A Negligence Claim is a Cause of Action Consisting of Several Elements
The elements of negligence in Illinois
Negligence is a common law cause of action specifically recognized by Illinois courts. While Illinois courts often refer to three elements required to support a negligence claim, (Hartnett v. Boston Store of Chicago, 265 IL 331 (1914)) it is probably better to discuss five elements when explaining what constitutes cause of action for negligence. Quinn v. Sigma Rho Chapter of Beta Theta Pi Fraternity, 155 Ill.App.3d 231 (4th Dist. 1987). The five elements are:
- The existence of a duty,
- the duty must be owed from the defendant to the plaintiff,
- a breach of that duty,
- injury or damages to the plaintiff, and
- the injury or damages must be proximately caused by the defendant’s breach of duty. Id.
The existence of a duty means that the person against whom the action is brought must be legally required to act in a certain manner. With regard to the second element, this requirement to act in a certain manner must be specific to the plaintiff. If the person against whom the action is brought fails to act in the standard of conduct owed to the plaintiff, and as a result the plaintiff is injured, then the defendant is liable for any injury or damages caused by the defendant’s failure to act. Id.
Accordingly, the “three essential elements” necessary to support a negligence claim, more fully stated as a grouping of the five elements above, are (1) A duty recognized by the law from one individual to another, (2) a failure to perform that duty, and (3) the failure is the proximate cause of an injury. Id.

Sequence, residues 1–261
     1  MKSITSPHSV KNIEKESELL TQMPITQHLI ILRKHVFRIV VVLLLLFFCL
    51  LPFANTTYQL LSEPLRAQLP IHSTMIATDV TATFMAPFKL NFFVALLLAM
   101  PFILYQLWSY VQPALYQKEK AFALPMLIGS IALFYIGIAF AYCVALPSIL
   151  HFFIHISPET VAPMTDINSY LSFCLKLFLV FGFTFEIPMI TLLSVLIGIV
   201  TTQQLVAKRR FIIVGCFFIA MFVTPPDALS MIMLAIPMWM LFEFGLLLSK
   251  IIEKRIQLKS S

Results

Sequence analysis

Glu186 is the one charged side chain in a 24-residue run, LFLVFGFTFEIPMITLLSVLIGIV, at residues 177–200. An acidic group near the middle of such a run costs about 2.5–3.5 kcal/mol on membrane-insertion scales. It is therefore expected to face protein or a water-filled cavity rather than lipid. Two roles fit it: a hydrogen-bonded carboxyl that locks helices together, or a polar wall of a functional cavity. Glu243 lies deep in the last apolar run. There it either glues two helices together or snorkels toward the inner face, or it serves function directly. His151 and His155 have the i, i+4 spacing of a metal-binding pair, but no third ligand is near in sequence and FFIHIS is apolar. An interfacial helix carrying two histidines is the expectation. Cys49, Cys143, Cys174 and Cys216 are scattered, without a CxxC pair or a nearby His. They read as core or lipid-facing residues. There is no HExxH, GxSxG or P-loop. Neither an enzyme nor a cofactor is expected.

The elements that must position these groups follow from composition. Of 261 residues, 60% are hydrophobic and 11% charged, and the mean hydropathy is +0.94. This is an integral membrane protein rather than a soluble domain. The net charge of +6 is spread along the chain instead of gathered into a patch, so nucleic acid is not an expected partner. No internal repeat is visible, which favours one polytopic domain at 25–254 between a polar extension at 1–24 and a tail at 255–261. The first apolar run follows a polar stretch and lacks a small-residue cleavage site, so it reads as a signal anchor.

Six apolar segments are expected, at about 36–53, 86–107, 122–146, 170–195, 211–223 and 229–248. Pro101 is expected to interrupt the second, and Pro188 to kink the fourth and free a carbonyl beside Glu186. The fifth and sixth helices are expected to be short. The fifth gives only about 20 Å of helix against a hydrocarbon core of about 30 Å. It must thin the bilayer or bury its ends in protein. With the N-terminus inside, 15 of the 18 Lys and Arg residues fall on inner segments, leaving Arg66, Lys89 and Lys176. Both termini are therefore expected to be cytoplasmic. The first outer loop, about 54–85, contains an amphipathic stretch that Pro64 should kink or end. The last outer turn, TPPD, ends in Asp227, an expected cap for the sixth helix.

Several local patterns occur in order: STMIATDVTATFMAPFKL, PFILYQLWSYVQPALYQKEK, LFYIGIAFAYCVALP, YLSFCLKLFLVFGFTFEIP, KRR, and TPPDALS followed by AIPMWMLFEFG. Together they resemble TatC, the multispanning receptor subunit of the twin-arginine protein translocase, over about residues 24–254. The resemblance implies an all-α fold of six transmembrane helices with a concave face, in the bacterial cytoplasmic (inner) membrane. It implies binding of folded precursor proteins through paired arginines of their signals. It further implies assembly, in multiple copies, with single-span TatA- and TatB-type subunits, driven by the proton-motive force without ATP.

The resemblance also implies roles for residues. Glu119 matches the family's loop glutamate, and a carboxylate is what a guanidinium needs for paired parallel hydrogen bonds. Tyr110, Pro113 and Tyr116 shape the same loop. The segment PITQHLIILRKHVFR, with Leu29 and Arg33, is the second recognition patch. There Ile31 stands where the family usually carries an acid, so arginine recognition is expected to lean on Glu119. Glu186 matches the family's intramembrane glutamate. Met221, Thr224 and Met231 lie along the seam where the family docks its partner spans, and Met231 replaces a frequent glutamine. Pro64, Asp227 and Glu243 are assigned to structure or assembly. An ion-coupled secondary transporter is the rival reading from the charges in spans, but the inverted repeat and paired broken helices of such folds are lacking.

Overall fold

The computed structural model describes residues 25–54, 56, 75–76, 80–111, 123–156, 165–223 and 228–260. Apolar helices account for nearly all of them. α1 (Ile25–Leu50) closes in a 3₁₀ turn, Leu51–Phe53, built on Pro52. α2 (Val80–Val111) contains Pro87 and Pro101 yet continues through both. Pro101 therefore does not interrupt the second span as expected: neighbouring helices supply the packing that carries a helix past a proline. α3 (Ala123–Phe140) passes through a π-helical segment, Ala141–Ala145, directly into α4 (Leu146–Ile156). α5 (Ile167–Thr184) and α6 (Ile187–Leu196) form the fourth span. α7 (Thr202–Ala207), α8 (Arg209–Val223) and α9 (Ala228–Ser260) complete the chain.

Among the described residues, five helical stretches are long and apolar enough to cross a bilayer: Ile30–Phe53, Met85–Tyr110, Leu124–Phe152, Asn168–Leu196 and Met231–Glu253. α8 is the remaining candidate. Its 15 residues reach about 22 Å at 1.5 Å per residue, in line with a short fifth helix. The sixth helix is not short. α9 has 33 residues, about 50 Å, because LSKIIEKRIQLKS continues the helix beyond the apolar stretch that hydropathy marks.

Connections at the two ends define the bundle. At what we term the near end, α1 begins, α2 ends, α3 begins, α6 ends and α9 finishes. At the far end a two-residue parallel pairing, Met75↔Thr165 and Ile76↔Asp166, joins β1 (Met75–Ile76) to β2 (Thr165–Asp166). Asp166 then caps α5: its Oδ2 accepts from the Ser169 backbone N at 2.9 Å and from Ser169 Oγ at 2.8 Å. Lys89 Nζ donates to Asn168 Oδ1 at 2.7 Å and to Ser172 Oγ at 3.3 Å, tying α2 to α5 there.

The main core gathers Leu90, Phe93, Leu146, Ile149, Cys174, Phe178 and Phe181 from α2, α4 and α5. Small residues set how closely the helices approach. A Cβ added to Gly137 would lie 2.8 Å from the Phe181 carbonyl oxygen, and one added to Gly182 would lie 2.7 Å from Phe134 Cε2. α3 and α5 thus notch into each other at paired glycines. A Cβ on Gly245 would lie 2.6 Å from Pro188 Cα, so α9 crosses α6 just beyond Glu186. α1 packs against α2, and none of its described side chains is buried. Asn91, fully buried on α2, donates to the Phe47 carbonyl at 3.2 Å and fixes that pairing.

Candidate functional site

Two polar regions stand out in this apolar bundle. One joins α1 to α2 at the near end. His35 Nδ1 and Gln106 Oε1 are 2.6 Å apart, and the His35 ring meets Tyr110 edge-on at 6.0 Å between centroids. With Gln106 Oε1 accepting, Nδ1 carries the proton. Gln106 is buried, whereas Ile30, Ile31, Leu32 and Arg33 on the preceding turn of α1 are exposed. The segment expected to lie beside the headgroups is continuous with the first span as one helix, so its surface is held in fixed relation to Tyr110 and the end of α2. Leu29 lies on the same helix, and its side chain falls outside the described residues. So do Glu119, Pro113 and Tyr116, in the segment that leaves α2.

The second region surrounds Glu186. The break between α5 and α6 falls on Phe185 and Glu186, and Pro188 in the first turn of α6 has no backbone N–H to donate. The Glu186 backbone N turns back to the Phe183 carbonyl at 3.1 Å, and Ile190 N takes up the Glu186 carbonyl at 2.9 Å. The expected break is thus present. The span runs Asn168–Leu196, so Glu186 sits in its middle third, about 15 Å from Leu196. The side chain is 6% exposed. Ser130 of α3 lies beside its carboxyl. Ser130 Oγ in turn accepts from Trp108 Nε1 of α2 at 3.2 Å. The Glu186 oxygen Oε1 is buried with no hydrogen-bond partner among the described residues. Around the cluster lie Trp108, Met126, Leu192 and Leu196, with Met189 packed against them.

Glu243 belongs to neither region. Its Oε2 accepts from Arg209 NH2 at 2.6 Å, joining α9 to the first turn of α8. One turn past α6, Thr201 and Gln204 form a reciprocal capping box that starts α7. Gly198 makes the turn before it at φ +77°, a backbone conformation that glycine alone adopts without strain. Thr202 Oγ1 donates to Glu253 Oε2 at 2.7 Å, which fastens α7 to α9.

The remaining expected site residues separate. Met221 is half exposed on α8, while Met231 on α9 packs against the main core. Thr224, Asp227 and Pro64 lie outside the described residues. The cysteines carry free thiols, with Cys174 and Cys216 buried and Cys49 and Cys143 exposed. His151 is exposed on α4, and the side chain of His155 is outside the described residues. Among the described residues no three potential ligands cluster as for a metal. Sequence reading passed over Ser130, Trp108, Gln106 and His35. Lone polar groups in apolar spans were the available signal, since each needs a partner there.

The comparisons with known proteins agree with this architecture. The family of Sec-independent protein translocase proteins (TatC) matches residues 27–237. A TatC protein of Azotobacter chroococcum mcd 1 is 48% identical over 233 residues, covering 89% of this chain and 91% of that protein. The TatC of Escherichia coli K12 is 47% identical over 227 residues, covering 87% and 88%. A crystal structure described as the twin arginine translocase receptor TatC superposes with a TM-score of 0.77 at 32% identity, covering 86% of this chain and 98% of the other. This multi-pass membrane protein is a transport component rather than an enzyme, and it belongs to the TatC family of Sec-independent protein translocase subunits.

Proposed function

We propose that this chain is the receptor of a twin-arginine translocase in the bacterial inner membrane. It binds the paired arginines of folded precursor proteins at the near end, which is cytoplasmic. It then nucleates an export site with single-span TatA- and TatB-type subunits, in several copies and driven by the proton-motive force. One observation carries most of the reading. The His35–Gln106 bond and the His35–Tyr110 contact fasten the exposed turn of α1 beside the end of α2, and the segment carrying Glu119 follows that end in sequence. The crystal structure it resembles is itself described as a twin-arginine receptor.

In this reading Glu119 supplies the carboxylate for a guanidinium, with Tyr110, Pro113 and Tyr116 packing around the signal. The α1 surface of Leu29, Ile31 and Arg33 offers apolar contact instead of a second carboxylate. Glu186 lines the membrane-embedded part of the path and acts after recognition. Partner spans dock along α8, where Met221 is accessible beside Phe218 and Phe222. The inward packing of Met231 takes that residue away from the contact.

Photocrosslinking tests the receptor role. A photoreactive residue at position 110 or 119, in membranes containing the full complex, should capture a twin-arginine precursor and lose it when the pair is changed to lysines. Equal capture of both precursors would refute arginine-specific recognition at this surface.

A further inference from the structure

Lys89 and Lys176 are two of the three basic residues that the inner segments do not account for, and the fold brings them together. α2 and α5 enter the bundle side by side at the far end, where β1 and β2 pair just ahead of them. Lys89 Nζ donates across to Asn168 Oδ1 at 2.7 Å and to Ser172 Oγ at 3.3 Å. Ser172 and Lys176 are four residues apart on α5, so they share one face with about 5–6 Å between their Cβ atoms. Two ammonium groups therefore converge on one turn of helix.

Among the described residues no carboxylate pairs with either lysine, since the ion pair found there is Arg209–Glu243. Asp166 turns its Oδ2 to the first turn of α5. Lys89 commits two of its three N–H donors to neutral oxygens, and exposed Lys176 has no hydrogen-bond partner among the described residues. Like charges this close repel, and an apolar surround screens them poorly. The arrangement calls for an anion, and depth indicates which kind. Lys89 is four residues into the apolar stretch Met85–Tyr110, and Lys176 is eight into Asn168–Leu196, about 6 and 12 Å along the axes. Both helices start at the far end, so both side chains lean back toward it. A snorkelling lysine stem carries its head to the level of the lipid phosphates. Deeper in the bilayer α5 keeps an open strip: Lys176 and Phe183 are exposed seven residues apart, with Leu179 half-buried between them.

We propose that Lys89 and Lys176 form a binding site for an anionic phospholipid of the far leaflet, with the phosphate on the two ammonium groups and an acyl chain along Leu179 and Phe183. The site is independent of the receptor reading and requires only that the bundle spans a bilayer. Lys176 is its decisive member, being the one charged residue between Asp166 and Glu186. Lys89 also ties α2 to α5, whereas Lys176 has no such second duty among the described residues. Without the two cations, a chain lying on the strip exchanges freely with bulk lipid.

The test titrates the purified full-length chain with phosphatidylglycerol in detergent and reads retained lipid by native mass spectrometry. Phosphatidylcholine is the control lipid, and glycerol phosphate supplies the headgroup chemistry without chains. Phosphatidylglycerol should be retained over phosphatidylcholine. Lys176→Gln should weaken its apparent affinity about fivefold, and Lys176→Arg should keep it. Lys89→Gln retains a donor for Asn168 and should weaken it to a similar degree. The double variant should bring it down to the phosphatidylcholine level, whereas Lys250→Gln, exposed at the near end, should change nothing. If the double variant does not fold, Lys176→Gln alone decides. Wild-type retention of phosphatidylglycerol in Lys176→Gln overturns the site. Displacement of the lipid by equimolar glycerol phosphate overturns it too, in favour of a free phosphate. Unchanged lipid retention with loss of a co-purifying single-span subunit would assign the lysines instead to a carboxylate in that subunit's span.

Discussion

To be held liable for negligence, the defendant must be at fault
There is no liability in a negligence claim without fault. At trial a jury decides if a defendant is at fault for the plaintiff’s damages, and should be held liable. This is an extraordinarily important function of our society. Before making this determination at trial, the jury is instructed as follows:
[T]he word “negligence” [is] the failure to do something which a reasonably careful person would do, or the doing of something which a reasonably careful person would not, under circumstances similar to those shown by the evidence. The law does not say how a reasonably careful person would act under those circumstances. That is for [a jury] to decide. IPI 10.01 (2016).
[T]he words “ordinary care,” mean the care a reasonably careful person would use under circumstances similar to those shown by the evidence. The law does not say how a reasonably careful person would act under those circumstances. That is for [a jury] to decide. IPI 10.02 (2016).
While the general principles of negligence are relatively easy to grasp, it is important to understand that personal injury law is a highly nuanced area of the law. A pro se litigant, or an attorney who does not regularly handle negligence claims, should not attempt to pursue an injury claim without consulting an attorney who handles these types of claims on a regular basis.
The Law Offices of Frederick W. Nessler & Associates, Ltd. has been handling negligence claims for over 35 years. Our office handles injury claims every day, and we are familiar with the nuances of personal injury law. We will help obtain the recovery you need, and will provide the representation you deserve. If you have been hurt or injured in an accident, due to the negligence of another, contact one of our attorneys.